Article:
• 186 J. SYSTEMS SOFTWARE 1997: 36:181-190 r______i~~~i______:I, ___________--__---J Figure 8. Layout of a DataValue. interior, which is a Data1 t ems object, and a button box, which contains standard buttons that are to appear with the DataBox (in our case, merely the âOkâ button). Note that user-defined buttons are found in the interior and not in the button box. All Dat aValues are stacked one on top of an- other as they are listed in the definition of the databox. Actions are aligned horizontally in a box and this box is placed at the bottom of the DataBoxâs interior (after all of the DataValues). 3.4. Data Table The data table is used to represent an array of edittable data displayed by a Motif Style dialog box (see Figure 9). The data concept is much like a relational database system in which each row of the array represents a single record of data and each column represents field within a data record. Each record has a keyfield which uniquely identifies the record. Buttons are provided to allow the user to add records, delete record, select and receive additional information about a record, and change the name (value) of a key field in a record. The data table is also provided with a list of default values for each of the data fields. These default values will be supplied when a new row is added to the table (except for the key field which must be explicitly entered by the user). Several classes are used to implement the data table. DataTable-This class represents the data table itself. DataTableRow-This class represents a single row of data in the table. Figure 9. Layout of a DataTable. Y.-B. Lin and J. Geigel Da t aTab eRowKey-This class represents the por- tion of a DataTableRow that holds the key field value. It is currently implemented as a radio but- ton (which is how the user selects a given row). DataTableValueEditorThis class represents a single line text editor in which individual field values of a row can be edited. A data table contains four buttons: add (a row), delete (a row), remain (a row), and (get) information (see Figure 9). The DataTableRow consists of a Data- TableRowKey and a number of DataTableVal- ueEdi tors, one for each field in the row (see Figure 10). The DataTableRowKey is a radio but- ton. This radio button is used to select a current row. This button will inform the command inter- preter that the user is choosing the currently se- lected row. Pushing the radio button on the Data- TableRowKey makes a row the currently selected row on which button actions are to take place. The DataTableRows are assembled into a verti- cal strip managed by the DataTable (see Figure 9). The four data table buttons are arranged into a horizontal strip. This strip is placed below the data rows. Finally, a sole âOkâ button is placed below the data table button box. This âOkâ button is used dismiss the data table. to 4. COMMUNICATION BETWEEN GUI AND Cl The CommChannel object is the communications link between the COPS GUI and the command interpreter process. All messages from individual GUIOb j ect s to the command interpreter and vice versa are routed through the CommChannel object. The CommChannel keeps a registry of all active GUIObj ects (with their id numbers) being man- aged by the COPS GUI so that it may route replies from the command interpreter to the appropriate GUIObjects. Because of single CommChannel acts as courier to all GUIObj ect s, only one instantia- tion of the CommChannel is necessary. This single instantiation must be available to all GUIObj ect s and thus is specified as a static member of the GUIOb j ect class. : . . . . _ _ . . . . . . . _ _ _ _ . . . : ;vOek~yfield ; field 1 field 2 field 3 . . . . . . . . . . . T DataTableRow DataTableRowKey DataTablevalueEditor Figure 10. Layout of a DataTableRow.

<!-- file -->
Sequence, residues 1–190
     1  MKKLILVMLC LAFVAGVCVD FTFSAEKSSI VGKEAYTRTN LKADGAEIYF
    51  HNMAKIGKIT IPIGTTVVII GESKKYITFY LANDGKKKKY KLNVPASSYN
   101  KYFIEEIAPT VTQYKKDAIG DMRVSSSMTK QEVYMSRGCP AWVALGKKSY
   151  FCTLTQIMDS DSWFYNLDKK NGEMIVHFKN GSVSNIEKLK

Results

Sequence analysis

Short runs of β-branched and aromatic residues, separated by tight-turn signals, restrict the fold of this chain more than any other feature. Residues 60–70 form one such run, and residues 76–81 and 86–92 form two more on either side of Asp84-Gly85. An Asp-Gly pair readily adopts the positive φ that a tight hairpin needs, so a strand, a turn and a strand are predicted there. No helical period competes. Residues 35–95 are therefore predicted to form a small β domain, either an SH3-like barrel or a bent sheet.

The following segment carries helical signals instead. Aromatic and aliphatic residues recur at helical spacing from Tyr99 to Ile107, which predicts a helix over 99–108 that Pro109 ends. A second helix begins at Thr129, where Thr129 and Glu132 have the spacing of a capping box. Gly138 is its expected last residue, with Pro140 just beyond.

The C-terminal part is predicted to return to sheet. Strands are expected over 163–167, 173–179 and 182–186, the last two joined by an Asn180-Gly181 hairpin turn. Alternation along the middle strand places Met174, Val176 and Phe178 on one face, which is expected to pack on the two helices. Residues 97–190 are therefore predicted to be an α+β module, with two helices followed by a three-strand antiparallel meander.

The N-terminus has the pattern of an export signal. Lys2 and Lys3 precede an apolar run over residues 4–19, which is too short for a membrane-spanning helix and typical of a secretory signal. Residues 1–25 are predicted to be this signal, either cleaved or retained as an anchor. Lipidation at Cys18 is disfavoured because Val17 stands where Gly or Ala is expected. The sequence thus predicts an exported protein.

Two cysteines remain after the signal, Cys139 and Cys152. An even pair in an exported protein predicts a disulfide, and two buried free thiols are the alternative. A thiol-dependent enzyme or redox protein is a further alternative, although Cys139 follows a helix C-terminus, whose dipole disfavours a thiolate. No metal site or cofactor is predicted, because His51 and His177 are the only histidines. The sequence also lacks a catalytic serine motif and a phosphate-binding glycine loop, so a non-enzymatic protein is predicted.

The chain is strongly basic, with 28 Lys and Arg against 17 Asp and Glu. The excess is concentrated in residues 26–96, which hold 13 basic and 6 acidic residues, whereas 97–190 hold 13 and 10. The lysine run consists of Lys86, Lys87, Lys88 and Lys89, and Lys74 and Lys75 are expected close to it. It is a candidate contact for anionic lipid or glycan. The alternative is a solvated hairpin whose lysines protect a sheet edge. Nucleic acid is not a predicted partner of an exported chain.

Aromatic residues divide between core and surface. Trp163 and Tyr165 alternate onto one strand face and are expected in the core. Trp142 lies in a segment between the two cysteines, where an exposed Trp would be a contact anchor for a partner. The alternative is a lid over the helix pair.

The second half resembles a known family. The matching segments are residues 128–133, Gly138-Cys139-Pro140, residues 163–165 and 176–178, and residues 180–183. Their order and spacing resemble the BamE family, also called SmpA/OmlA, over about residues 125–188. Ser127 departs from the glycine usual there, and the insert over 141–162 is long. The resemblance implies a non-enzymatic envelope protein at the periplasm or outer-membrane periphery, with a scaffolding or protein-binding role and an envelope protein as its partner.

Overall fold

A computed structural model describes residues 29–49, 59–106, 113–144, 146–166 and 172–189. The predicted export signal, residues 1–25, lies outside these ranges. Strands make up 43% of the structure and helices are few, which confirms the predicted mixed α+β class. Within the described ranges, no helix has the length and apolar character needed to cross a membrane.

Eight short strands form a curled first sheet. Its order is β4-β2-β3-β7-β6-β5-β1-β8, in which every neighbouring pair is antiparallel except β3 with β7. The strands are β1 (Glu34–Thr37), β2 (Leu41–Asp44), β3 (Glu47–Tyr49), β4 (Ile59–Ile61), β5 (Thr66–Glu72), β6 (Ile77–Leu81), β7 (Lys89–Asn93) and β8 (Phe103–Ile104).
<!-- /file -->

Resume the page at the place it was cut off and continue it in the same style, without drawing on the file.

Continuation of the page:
• GUI Design for Network Simulation The CommChannel communicates with the com- mand interpreter process in two ways. First, there is a two way Inter Process Communication (IPC) link between the two processes. The CommChannel it- self is a subclass of the more general ~1 ient class which is a class that establishes IPC with an instanti- ation of a Server class. All messages between GUIOb j ect s and the command interpreter are con- veyed using this IPC link. Every communication is initiated by the GUI and consists three steps. The structure of the communi- cation between the GUI and the command inter- preter via the CommChannel is demonstrated in Figure 11. 4.1. Step 1: User Activated Action When the user performs an action on one of the GUIObj ects, this action is translated by the GUIObj ect into a textual message to be sent to the command interpreter. The message will contain the identification number of the GUIObject send- ing it. This message is sent to the single CommChan- nel which routes it to the command interpreter via the IPC link. It then waits for a reply. Graph Editor. Most actions taken within a graph editor must be conveyed to the command interpreter for proper registry and response. The GraphEd ob- ject, being the only GUIObject involved with a graph editor, has the only direct link to the com- mand interpreter. Thus, all other objects (menu- items, palette, nodes, and links) must route message through the GraphEd to which it belongs. A pointer to this Gr aphEd object is contained in each one of the graph editor subobjects that need to communi- cate to the command interpreter. Graph&3 can be used to edit previously save graphs. The contents of a GraphEd is saved into a file upon the GraphEd's exit. It is the responsibility Figure 11. Communicating using the CommChannel. J. SYSTEMS SOFTWARE 187 lYY7: 36:IXI-IV0 of the command interpreter to supply an initial graph file when defining a GraphEd in a GUI dialog file called cops . tmp . If it doesnât, the draw area of the graph editor will be empty upon its instantiation. Data Box. Each data item within a data box is assigned a numerical code value that is sent to the command interpreter when that item is acted upon. This code value is determined by the position of the item in the definition of the data box as found in a GUI Dialog file. This code is given to each Data T t em upon instantiation. As mentioned previously, all communication from the GUI to the command interpreter is done via a single CommChannel object. This CommChannel object is accessible by all GUIObj ects (including the DataBox), but is not accessible by components of a G'JIObject (e.g., Daraltems). Thus, when a data item is acted upon the message to be sent to the command interpreter indicating this action must be routed through the DataBox object to which a Data I t em belongs. This is done via the Da t a I t em's announce method. This method passes an appropri- ate message to be routed through the ~dtdeox and eventually to the command interpreter. The sending of a message to the command inter- preter is triggered by a user action on a Dat a~ t em. For Actions. this happens when the button corre- sponding the Act ion object is pressed. For DataVai ues, a message is sent when a new value is entered in the DataValueEdILr. The code, as well as the new value entered, is first communicated to the DataValue to which the DataValueEdi- tor belongs. The DataVaj~ue. then, in turn, passes the message to the DataBox to which it belongs. DataBox communication is illustrated in Figure 12. Data Table. Communication between the data table elements and the command interpreter is han- dled in very much the same way as with the DataBox. Because the DataTakbi6> object is the only object with access to the ('omnC:h,~nr:e I, all Figure 12. Communication from DataBox components.